Someone You Should Know: Douglas Eck

By Charles Rahn, Contributing Writer

Douglas Eck wrapped up his first school year at Columbia last month as dean of students. Charles Rahn

Dean of Students Douglas Eck has had more than 20 years of experience working at several other universities and colleges such as the University of Houston as the assistant dean of students and as the associate director of Residence Life for Training & Selection at Lake Forest College. He started at Columbia in September 2021.

The Chronicle: Since you are relatively new to Columbia after starting this past September, how would you describe yourself to Columbia students as well as parents and fellow faculty?

As the Dean of Students my job is to work behind the scenes to make sure our different offices of support are functioning at their best and also to make sure students, faculty and family know how to access those services that we have. I want to have my pulse on the student experience to know what’s working well and what isn’t. College is tough and so is the world; put those together and life is often times really tough. I help to make sure they know how to get the help to make their lives easier.

What about Columbia made you want to come here and become the dean of students?

I began my career in higher education working on my undergraduate degree. Back when I was in undergrad, I was involved in student activities orientation, I was an RA; that was kind of my exposure into student affairs and then I went to graduate school at Ohio State. Afterwards I got my master’s degree in student affairs and spent some time there working in housing. I went up to Lake Forest College just north of here serving as Associate Director of Residence Life for Training and Selection. After a while I got tired of winter and flew south, literally, down to Houston at the University of Houston and so I kind of stepped back into the public institution sphere where I was an assistant dean of students.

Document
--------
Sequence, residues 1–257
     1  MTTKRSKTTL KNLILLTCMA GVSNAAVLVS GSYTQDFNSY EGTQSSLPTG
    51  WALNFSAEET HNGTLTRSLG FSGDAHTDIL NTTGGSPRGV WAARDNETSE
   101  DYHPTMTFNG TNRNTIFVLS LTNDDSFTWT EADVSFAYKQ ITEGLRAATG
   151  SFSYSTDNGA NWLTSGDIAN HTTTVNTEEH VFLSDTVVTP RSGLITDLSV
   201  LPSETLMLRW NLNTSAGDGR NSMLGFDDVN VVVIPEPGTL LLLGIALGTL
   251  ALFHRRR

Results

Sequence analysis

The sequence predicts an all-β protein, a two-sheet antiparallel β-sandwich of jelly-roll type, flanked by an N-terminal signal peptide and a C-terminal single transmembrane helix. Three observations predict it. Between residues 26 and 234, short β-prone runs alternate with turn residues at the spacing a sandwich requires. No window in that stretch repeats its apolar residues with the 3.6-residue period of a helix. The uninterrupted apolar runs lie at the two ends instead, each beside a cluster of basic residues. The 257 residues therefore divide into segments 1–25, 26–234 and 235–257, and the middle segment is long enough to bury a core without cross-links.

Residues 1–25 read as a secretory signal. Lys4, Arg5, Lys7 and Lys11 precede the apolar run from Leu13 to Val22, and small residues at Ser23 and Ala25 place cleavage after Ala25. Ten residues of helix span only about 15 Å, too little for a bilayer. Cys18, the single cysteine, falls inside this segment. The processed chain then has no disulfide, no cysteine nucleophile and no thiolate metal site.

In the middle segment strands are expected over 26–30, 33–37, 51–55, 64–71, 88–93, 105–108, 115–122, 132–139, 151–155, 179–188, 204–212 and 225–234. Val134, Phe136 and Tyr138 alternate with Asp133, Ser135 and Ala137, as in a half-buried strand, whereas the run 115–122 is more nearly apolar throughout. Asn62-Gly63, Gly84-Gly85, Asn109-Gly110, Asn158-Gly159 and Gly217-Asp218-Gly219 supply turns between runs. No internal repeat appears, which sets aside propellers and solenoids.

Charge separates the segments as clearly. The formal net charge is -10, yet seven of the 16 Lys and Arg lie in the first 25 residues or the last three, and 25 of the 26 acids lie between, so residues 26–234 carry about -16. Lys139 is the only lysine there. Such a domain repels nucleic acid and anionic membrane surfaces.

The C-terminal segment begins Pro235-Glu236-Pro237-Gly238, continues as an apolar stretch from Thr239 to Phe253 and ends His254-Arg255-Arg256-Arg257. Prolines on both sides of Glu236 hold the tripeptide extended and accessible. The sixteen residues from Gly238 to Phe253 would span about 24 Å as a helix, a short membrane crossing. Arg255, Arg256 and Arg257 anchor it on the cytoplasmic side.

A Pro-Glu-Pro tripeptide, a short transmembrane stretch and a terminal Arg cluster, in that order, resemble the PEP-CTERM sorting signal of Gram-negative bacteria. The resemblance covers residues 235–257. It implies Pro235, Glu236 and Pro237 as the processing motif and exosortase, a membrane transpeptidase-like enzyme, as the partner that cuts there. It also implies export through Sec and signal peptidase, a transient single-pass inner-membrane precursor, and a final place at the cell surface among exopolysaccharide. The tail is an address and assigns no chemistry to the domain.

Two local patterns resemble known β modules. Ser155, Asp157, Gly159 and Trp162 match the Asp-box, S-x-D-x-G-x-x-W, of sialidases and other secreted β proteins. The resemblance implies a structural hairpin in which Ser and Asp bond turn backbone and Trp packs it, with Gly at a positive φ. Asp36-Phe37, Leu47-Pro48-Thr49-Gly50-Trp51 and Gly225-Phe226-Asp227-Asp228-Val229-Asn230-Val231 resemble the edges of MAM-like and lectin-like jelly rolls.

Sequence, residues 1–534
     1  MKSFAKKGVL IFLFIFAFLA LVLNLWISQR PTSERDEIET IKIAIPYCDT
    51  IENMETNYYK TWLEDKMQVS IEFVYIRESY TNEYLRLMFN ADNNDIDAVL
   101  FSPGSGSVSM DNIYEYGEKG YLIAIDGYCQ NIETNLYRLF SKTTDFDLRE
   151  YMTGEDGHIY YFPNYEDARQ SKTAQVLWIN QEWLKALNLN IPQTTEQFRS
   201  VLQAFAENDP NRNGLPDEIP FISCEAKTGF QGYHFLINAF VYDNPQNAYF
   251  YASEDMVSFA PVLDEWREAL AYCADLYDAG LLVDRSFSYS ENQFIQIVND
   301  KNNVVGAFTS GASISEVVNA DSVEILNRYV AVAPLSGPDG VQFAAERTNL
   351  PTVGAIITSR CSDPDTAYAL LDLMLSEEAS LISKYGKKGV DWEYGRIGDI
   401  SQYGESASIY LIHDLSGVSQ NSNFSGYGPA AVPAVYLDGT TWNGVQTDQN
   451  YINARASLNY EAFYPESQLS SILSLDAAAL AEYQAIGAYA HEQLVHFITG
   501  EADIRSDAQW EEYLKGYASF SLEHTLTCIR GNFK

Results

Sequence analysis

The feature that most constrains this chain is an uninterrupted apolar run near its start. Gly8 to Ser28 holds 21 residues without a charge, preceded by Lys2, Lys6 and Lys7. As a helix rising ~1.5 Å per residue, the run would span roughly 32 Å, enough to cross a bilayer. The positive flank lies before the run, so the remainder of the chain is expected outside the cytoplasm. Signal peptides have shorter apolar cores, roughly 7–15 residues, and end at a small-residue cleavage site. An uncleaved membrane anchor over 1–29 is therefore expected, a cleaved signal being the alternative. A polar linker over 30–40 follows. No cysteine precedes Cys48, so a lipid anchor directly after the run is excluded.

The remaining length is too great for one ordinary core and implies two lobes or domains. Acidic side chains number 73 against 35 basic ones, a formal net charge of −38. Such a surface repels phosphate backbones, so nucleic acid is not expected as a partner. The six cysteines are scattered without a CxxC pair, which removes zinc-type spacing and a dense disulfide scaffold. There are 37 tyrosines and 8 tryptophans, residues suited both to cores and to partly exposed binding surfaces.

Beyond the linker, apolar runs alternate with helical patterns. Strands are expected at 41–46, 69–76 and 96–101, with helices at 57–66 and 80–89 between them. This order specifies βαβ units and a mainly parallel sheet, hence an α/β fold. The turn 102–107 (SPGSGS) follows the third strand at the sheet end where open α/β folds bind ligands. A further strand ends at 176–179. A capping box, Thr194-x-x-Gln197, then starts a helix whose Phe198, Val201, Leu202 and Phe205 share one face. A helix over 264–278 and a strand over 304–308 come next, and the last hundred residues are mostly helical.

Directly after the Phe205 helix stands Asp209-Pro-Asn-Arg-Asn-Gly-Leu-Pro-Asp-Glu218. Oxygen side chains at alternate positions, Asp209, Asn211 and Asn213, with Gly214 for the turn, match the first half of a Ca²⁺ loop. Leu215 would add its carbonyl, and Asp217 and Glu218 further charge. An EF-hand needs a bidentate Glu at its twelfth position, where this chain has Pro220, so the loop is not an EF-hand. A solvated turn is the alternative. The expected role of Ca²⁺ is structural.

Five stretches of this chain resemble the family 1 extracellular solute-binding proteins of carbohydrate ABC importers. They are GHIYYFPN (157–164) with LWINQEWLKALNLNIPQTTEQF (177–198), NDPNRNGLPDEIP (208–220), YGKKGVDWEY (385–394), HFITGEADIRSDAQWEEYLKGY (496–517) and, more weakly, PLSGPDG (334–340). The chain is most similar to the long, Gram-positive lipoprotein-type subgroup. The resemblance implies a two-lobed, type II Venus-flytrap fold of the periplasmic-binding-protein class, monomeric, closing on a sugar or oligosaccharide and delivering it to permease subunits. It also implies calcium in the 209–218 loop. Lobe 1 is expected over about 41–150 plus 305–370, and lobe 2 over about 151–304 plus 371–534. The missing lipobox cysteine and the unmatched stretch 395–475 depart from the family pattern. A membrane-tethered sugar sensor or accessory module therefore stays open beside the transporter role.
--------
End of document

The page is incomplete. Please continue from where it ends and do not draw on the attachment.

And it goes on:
After earning my doctorate degree in education leadership from City University of Seattle in 2020 my job search went into figuring out what was next for me. So, I had to figure out how I was going to position myself to take on the next level of responsibility. Then the opportunity arose to return to Illinois, my home state, and come to Chicago, which is my favorite city in the nation, and work at a school that was a great mix between the smaller and larger schools that I was used to. Then after meeting the different staff here and being blown away, all the right factors really drew me in.

What is something that you have enjoyed or really liked so far while being here at Columbia?

I think that Columbia’s approach to the pandemic has really been far above what a lot of institutions are doing right. When I was coming from Texas to Illinois, I saw both sides of the spectrum of how the pandemic was handled. So being able to still be in touch with my colleagues back there and understand what the student experience is like there to understanding what student experience here is like; it’s really different.